A battle for education
The global pandemic has surely amplified the presence of income disparities in our country. UNICEF India report âRapid Assessment of Learning During School Closures Amid COVID-19â mentions the use of WhatsApp and YouTube in relation to different categories; the use of girls was 8 percent lower than that of boys; use by younger students (5-13 years) was 16 percent lower than that by older students (13-18 years); the utilization of rural students was 15% lower than that of urban students, and for students in grades 1 to 5, the utilization of public school students was 10% lower than that of private school students.
According to the Indian Lancet COVID-19 Commission Working Group, only 24% of Indian households have internet access. According to the Ministry of Education, more than 50 million elementary school children were not reaching the basics of literacy and numeracy due to a lack of proper internet connectivity.
These data are extremely worrying. For a country as young as India, its better economic days depend on the educational skills acquired by its young population today. With the complete shift from the education method to the online mode, the demands of purchasing a decent device and a stable internet connection have overwhelmed many economically disadvantaged families.
The impact of the COVID-19 pandemic on girls’ education is going to be huge. The 1098 child helpline saw a 50% increase in call volume in 2020 with 4,60,000 calls pleading for protection, out of those 6,355 calls related to child marriage. COVID-19 has reversed decades of progress in schooling and the prevention of child marriage and child labor. It also threatens the progress made by us as a society towards gender equality with more and more women exposed to violence and neglect.
An estimated 11 million girls may not return to school, causing unprecedented educational disruption. The main reasons for girls dropping out of school during the pandemic relate to financial constraints and increased household engagement.
In rural and underserved communities, adolescent girls lack a meaningful learning capacity with insufficient access to nutritious food, sanitation and basic technology needed to attend online classes.
Parents in families with a limited number of devices often prioritize boys over girls for more screen time. In addition, gender bias and the poor quality of school education also lead to a high dropout rate. At the time of the crisis in most of the underdeveloped and developing countries, girls are seen as disabled and married.
Even before the Covid pandemic, India faced a serious learning crisis with nearly 50% of class V students in rural India unable to read even at the class II level. A recent study from Azim Premji University estimates that 92% of children in grades II-VI have lost their language skills and 82% have lost their math skills, the cost of school closures is going to be lasting and could frighten everyone. a generation. .
Further, what makes matters worse is the impact on tens of millions of children from marginalized groups with limited access to technology.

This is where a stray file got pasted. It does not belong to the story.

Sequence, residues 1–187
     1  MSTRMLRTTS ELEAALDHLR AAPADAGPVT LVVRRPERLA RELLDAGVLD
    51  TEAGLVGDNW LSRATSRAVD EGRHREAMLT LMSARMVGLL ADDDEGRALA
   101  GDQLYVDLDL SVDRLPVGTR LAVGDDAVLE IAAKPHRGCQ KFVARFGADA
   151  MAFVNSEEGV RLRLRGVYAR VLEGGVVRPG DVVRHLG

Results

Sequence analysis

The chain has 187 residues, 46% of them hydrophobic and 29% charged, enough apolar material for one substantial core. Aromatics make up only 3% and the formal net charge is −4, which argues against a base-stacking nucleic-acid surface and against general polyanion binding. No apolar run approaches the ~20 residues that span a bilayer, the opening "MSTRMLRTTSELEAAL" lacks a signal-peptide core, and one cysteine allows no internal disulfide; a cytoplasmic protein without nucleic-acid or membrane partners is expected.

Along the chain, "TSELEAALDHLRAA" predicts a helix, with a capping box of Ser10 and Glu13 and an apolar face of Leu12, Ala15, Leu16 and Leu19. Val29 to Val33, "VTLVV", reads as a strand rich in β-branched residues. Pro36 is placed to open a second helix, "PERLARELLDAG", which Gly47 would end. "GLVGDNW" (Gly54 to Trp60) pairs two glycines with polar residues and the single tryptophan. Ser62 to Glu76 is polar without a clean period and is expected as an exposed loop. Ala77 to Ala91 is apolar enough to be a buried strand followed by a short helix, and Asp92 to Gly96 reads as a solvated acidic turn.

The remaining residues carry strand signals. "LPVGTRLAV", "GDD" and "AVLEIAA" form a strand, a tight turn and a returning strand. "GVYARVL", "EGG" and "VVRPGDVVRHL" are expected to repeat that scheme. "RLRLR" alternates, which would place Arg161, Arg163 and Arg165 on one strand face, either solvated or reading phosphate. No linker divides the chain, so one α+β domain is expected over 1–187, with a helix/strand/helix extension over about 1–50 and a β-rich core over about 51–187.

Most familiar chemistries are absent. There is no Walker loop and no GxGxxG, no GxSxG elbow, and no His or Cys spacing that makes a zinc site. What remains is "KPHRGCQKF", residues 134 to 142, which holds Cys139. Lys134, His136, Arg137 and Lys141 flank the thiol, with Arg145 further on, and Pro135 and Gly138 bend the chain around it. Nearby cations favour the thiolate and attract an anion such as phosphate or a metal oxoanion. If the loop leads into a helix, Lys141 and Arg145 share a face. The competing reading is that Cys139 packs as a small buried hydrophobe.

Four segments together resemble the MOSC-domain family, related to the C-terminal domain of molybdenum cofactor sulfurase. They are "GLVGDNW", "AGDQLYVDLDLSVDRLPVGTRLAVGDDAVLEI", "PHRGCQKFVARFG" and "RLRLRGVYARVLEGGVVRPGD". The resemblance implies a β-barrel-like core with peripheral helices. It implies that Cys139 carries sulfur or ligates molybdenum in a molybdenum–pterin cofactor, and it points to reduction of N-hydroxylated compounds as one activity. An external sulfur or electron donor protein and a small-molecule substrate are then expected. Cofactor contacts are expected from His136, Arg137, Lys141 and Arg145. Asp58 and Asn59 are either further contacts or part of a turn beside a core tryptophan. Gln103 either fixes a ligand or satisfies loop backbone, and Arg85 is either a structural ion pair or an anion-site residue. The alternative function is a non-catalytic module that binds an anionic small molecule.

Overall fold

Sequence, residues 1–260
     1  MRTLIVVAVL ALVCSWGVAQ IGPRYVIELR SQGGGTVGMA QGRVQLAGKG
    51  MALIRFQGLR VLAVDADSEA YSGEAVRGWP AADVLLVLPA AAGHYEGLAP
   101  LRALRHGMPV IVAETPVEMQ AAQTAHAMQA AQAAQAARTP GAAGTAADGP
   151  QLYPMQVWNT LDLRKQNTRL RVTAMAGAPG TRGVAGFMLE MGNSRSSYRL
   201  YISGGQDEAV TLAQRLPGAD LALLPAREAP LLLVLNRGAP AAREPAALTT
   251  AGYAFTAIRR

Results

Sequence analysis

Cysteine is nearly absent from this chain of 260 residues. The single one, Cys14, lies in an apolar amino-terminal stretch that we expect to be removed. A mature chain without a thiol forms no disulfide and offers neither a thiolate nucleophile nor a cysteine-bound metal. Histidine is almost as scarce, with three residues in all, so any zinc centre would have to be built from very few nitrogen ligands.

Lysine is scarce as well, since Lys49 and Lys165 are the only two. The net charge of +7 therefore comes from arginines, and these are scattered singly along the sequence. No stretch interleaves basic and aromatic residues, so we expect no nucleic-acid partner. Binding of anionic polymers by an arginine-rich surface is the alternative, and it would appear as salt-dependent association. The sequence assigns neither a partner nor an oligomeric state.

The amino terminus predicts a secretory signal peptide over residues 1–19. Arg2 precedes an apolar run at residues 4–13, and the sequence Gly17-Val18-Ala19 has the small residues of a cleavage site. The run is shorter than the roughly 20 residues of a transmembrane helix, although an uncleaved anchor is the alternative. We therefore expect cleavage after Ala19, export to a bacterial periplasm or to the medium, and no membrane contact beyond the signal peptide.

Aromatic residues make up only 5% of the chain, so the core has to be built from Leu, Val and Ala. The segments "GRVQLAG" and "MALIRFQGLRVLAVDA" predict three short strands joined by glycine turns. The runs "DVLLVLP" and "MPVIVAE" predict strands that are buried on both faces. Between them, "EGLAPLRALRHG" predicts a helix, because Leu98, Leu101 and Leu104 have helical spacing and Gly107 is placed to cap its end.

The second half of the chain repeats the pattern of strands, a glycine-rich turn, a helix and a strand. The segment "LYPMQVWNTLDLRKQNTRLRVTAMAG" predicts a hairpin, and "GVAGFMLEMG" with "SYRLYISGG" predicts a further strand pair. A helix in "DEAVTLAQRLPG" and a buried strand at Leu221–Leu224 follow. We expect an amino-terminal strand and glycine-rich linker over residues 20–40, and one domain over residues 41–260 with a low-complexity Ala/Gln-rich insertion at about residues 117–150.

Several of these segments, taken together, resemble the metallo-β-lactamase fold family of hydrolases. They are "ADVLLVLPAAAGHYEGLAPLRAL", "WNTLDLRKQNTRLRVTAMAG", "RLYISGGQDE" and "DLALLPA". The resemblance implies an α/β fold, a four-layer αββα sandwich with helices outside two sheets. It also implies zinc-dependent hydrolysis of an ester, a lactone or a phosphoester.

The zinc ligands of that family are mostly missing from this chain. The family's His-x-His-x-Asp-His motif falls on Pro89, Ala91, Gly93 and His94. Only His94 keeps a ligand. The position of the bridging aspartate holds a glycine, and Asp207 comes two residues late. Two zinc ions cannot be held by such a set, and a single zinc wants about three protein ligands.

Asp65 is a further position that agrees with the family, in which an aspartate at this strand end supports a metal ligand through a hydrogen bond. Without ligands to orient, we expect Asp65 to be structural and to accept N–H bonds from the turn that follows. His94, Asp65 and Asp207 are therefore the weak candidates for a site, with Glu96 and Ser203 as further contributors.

According to the UNICEF report “Rapid assessment of learning during school closures in the context of COVID-19”, 80% of students aged 14 to 18 reported learning levels below the standard. home compared to when they were taking lessons at school. . 76% of parents of students aged 5 to 13 and 80% of adolescents aged 14 to 18 say that students learn a little less than they would in school. 67% of teachers believe that students have fallen behind in their overall progress compared to what they should have if schools were open.
Most teachers got stuck in a sticky situation. The majority of teachers have taught in their lives using the traditional âchalk and blackboard methodâ and a sudden change in teaching methods took them by surprise.
Most teachers have not yet been trained in online pedagogy. Lack of access and ignorance of electronic gadgets along with the lack of educated home monitoring in the absence of teachers mean that socio-economically disadvantaged children fall far behind.
UNICEF India’s report âRapid Assessment of Learning During School Closures Amid COVID-19â estimates that around 8% of teachers do not have a personal smartphone or laptop. 33% of teachers saw no benefit from distance learning.
The report also mentions that in rural areas, village youth and community members have mobilized to address some of the access gaps. This includes teachers using offline resources such as speakers, families and communities pooling digital devices to share, and older children playing the role of educators.
Prolonged school closures have also prevented many children from learning social interactions and hobbies, which are essential to their overall development. The quality of education has also been severely affected, from practical lessons to learning new skills, offline schooling and learning experiences used to help students build confidence, as well as participation and participation. involvement in team activities, used to help them become and evolve into better humans and citizens.
However, due to the lack of offline human-to-human interactions, students miss out on so many vital lessons and experiences that make humans an asset to their country.